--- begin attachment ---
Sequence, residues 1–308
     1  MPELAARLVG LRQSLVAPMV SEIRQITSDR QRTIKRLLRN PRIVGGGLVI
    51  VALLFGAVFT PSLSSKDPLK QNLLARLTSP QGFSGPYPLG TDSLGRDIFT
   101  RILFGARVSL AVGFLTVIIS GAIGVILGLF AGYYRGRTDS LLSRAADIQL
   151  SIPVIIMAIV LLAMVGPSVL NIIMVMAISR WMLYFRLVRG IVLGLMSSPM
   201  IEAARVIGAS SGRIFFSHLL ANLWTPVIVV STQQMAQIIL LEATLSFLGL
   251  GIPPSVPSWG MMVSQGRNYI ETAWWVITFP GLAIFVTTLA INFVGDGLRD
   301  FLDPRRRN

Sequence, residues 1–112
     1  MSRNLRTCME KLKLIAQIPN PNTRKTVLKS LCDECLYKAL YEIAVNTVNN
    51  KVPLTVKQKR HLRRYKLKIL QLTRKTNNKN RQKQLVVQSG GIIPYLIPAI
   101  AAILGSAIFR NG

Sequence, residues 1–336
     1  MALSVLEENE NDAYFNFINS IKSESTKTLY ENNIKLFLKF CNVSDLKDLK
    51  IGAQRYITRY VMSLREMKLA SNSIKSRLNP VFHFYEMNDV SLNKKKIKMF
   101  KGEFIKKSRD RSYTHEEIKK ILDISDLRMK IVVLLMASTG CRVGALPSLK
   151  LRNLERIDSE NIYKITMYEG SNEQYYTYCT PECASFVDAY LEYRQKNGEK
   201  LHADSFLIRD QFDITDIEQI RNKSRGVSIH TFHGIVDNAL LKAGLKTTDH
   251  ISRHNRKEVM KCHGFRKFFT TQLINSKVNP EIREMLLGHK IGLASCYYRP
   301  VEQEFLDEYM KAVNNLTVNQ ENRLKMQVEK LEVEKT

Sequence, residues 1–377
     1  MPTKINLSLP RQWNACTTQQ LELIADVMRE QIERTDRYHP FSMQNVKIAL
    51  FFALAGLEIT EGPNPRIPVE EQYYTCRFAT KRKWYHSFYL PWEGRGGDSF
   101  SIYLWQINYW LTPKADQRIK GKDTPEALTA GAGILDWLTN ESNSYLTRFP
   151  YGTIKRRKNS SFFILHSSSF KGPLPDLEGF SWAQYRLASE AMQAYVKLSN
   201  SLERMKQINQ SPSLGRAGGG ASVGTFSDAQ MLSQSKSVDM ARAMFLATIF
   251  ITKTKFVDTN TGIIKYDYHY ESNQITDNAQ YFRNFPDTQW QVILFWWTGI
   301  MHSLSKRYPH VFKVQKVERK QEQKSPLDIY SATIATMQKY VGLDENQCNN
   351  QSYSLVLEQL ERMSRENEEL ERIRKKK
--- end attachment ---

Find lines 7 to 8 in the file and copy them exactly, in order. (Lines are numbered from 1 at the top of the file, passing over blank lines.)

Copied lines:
   251  GIPPSVPSWG MMVSQGRNYI ETAWWVITFP GLAIFVTTLA INFVGDGLRD
   301  FLDPRRRN